Perfume Genius – Set My Heart on Fire Immediately

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perfume genius press shot by Camille Vivier

© Camille Vivier

Mike Hadreas’ mind runs a mile a minute. Better known as Perfume Genius, the Greece-born Seattle singer has had to filtrate every thought, whether progressive or combative, alongside every musical influence, in order to craft and perfect his art pop – not easy when you’re a musician living in the shadow of Seattle’s history, not easy when you’re an abuse survivor, and gay man on the receiving end of death threats.

But holy smokes, he’s done it and he continues to do it. Set My Heart on Fire Immediately is a continuation of Hadreas’ being, something presented with dedication on lush, light pop experiences like Too Bright, and No Shape, something realised with frighteningly diverse stylings and motifs on his new album.

Heartbroken with hope, Set My Heart on Fire Immediately is about wanting and doing it all…immediately. The immediacy is seen in Mike’s overlapping approaches to telling his story through music, occasionally careful yet full of driven, instance want.

Opening track Whole Life encompasses the album’s energy, and Mike’s energy, as a scared but responsive human being, piecing together an ascension. The battle is on, and his methods of fight include Jason, which sees him drop a harpsichord on the listener’s head, and Leave, a psychological attack that stuns with eerie despondency, and hardcore chamber strings.

The tandem of Perfume Genius and Blake Mills is tried and tested, and its return on Set My Heart on Fire Immediately comes with new possibilities. The album embraces rock music with eloquence and faith, the songs ignite with sentiment the same way they do with broiling guitar distortion.

On the Floor is celebratory, primed single material that rocks not only with throwback swagger, but a love for Mike’s partner that commands tears of joy. Again, it rocks, as does Describe – seen it spurts on previous albums, there’s a gruff, societal-masculine tone to the track, a juxtaposition handled with charm, and briefly revisited on Some Dream. Without You follows and handles itself with a similar style of tact, all the while glittering itself with chamber-y baroque, those orchestral stabs and piano splashes.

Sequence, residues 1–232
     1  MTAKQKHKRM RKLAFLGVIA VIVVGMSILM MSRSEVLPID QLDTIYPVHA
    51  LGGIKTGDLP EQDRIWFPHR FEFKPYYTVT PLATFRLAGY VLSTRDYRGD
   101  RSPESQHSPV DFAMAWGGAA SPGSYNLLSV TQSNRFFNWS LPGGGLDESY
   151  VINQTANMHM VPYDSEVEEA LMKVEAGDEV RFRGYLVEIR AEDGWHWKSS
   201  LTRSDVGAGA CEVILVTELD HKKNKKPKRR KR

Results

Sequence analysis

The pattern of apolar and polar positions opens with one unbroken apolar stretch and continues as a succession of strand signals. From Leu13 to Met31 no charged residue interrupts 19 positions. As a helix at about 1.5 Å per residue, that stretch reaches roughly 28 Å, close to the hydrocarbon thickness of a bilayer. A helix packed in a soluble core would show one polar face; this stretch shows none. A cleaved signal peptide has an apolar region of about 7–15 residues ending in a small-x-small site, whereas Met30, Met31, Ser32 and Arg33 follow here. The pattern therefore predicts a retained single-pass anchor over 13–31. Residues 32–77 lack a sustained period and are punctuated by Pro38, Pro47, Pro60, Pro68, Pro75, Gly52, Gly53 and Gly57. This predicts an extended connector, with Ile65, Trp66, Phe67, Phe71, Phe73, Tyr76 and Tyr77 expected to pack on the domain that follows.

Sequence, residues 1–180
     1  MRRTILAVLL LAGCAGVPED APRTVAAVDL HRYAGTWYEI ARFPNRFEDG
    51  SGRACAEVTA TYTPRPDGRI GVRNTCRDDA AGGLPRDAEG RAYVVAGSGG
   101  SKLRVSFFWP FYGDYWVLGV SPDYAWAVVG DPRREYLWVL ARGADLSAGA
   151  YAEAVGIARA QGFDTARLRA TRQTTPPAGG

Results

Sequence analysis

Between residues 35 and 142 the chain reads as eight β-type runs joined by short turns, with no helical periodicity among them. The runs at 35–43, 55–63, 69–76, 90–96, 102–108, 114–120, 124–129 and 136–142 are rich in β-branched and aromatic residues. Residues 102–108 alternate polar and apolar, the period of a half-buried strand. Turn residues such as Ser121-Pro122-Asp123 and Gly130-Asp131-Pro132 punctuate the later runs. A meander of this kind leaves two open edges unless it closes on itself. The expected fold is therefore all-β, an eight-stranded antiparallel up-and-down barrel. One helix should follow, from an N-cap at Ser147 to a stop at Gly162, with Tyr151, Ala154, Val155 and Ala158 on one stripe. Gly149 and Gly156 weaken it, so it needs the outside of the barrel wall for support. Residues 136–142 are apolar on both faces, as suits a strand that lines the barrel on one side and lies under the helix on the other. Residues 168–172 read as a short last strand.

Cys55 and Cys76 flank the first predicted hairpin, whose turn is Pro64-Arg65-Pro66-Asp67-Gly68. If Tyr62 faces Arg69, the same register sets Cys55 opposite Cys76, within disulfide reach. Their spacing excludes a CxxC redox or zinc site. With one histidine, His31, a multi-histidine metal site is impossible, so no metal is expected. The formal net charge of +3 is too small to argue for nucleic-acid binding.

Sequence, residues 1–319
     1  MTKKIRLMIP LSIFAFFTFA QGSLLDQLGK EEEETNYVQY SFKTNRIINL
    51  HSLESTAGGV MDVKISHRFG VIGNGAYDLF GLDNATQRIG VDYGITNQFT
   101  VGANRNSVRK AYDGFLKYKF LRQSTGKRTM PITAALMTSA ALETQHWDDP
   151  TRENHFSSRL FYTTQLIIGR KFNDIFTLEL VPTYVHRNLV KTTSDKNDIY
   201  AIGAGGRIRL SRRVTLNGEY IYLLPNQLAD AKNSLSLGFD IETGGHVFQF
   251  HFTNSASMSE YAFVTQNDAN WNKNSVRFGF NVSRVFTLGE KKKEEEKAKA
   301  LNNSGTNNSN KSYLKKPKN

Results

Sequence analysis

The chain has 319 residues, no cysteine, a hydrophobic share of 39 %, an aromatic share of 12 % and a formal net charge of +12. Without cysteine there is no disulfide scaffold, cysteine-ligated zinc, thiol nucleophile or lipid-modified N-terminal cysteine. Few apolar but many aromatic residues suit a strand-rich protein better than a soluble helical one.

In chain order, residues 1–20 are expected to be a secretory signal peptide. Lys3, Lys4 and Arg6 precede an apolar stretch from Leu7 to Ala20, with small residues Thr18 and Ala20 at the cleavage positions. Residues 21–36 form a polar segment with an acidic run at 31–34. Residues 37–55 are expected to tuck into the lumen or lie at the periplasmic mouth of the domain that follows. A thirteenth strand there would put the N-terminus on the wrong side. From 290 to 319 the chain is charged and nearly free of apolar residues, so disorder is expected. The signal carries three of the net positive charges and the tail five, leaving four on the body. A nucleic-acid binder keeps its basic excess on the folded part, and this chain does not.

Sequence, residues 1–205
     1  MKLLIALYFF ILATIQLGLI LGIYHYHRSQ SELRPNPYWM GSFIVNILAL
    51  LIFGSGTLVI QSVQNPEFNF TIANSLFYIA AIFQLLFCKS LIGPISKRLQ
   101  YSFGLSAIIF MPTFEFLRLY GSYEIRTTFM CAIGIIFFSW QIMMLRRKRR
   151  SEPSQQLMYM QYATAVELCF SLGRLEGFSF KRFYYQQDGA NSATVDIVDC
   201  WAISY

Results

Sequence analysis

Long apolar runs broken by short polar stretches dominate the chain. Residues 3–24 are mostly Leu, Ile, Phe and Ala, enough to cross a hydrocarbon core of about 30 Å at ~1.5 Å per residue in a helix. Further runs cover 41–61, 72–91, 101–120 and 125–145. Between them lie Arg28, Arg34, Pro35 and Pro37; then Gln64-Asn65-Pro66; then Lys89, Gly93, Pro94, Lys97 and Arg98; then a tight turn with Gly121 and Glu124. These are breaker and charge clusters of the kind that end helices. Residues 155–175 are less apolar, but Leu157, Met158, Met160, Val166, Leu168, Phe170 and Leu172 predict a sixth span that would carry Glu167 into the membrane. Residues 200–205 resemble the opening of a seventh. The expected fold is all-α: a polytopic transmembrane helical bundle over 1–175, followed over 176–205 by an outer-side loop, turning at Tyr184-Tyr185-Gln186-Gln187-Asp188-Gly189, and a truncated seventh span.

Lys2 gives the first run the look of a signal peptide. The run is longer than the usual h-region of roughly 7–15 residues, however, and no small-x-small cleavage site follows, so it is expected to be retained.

We’re witnessing the swings and dives of a psyche. Your Body Changes Everything aches through the power of the human vessel, a positive, string-soaked look at self, but the latter portion of the album strips away any potential façade, revealing an emotional nakedness, a necessity for anyone reeling from the accumulated weight of their past.

Just a Touch is distant and defensive, but ‘Nothing at All’ snaps back with combative energy; pained verses become choruses of sudden connection, but untethered honesty – “I got what you want babe, I got what you need son… nothing at all”.

Borrowed Light finishes the album with authentic, sorrowful yet friendly balladry, and likewise, One More Try weeps through clouds of plastic soul, likeably passing through Elvis Presley’s school of rhythm and blues. Moonbend is a sore thumb by comparison, perhaps too despondent. Its vocal harmonies are piercing, but the lack of mood guides us through Mike’s psyche at sloth speed.

Luckily, Set My Heart on Fire Immediately is full of direction and drive. It steers itself through cryptic hazes and storms of human sadness, coming back from any waves of hesitance as Mike tries to wear his heart on his sleeve.

Despite the album’s use of smoke and mirrors, Set My Heart on Fire Immediately embodies Perfume Genius’ personality. Distraught but never defeated, somehow balancing care with suddenness, it’s easily set to become not only a 2020 alternative highlight, but a gem where the bond of art and emotion is concerned.

perfume genius SMHOFI artwork

Rating

Composition
Lasting Appeal
Lyrics
Production

Great

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Indie is not a genre

Indie is not a genre